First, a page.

Diskprep Availability

Diskprep.exe is a useful tool for making a bootable USB Disk with an OS but recently it seems to have disappeared from Microsoft’s downloads. I can’t say if it’s another one of those subtle hints on the future of Windows CE, an oversight due to the lack of resources dedicated to Windows CE, or just a simple mistake that will get corrected shortly.  Regardless of the cause, there are people who still find the tool useful, so I’m providing a download mirror of the tool here.

Raw Flash Access from a CF app?

A new customer came to me late last week with an interesting problem.  They have hundreds of Motorola/Symbol MC70 barcode scanners in the field and occasionally the flash memory on the devices gets corrupted.

The current “solution” these guys are using involves removing the flash chips from the board, reprogramming it in a separate device, re-balling the BGA pins, and re-soldering it to the board. That explains why they desperately want an application that can do it.

They know the range where the corruption occurs and wanted an application that would allow a user to read, update and rewrite the corrupted bytes in flash.  They had talked with five separate developers before they found me, and all 5 had agreed that it was impossible, so naturally I took that as a challenge.

First, there are lots of things to know about how flash access works.  Most importantly, it’s not like RAM.  You can’t just map to it, then go about your merry way doing 32-bit reads and writes.  You can read it that way, sure, but writing is a whole new game.  Flash is broken up into “blocks” (which aren’t even always the same size – in the case of the MC70, the first 4 blocks are 64k long, and the rest are 256k long.) and writes must be done following this general procedure:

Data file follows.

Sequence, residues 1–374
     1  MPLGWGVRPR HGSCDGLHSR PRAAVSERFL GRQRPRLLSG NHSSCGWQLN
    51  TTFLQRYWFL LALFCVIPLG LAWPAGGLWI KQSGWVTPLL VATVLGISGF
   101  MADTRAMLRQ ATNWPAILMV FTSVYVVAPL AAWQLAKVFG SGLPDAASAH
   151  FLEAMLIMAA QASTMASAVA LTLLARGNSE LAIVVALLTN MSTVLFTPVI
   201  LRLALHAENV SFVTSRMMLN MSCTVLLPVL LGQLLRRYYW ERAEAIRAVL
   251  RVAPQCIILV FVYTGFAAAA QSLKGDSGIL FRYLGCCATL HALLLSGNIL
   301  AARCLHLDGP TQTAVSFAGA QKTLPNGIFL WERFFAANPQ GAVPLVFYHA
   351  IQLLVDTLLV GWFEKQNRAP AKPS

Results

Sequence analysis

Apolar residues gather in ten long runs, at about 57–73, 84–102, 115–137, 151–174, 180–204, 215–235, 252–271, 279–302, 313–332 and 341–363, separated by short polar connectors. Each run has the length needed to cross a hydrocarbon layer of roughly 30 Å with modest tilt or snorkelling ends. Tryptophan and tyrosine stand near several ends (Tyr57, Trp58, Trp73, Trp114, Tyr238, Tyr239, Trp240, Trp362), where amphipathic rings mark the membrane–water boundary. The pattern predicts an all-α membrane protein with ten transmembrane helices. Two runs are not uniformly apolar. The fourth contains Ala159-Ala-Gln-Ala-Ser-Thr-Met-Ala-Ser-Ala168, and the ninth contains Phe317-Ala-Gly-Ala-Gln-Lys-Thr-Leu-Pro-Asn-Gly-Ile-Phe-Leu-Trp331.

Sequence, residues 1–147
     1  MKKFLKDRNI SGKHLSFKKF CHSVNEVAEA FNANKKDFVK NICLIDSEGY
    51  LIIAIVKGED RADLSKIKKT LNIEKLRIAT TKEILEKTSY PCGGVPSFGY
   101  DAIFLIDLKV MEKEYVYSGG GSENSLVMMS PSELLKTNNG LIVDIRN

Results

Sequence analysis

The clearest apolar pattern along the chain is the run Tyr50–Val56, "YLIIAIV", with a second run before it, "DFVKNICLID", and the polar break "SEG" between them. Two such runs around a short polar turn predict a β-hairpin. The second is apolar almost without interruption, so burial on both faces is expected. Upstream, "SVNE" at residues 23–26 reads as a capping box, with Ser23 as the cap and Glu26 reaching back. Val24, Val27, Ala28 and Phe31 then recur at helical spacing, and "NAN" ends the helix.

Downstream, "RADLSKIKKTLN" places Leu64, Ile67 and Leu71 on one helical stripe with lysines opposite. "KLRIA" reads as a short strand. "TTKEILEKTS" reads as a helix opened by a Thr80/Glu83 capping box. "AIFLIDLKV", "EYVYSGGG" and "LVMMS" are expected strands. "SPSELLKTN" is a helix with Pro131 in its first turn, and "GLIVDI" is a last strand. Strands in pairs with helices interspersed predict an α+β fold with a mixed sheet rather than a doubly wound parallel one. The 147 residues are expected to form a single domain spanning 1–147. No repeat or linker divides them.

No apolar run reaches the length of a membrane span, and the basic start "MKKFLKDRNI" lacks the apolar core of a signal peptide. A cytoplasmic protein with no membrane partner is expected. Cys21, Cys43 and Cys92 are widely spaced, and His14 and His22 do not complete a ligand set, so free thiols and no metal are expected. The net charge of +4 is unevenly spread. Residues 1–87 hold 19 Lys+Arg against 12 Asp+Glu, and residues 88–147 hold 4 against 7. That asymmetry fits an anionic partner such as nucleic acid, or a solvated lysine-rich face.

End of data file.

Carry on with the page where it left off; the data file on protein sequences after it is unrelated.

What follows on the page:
1. Read the *entire* block that contains the byte you want to change into RAM
  2. Change to flash to Lock mode (a flash register write)
  3. Unlock the block of flash (another register write)
  4. Change the flash to erase mode (register write)
  5. Erase the *entire* block of flash (which writes all FF’s to it)
  6. Change the flash to write mode (register write)
  7. Update the RAM buffer with your changes
  8. Write in the *entire* block block to flash
  9. Tell the flash to commit (register write)
  10. Wait for the flash to finish (register read)
  11. Put the flash back into read mode (register write)

Oh, and if you get any of this wrong, you’ve made yourself an expensive brick.  The only solution at that point is the de-soldering and reprogramming route, and I don’t have that kind of hardware in my office.

So I started writing the app Monday morning, using C# since I had to create a UI for the editor, and on Wednesday morning this is what I delivered:

FlashEdit

So, in just 2 days I did what was “impossible”. I not only wrote all of the flash access code, I also wrote a hex editor control and an app UI to make use of the flash library.

New home for zlib for Windows CE


Occasionally I’m surprised at how old software never seems to really die off.  Take for example an old port I did of the zlib compression library to Windows CE.  Back in probably ’05 I built the original sources for the Windows CE platform.  In ’07 I created a managed wrapper for the library and some samples on how to use that library.  I put it on the web and then pretty much forgot about it.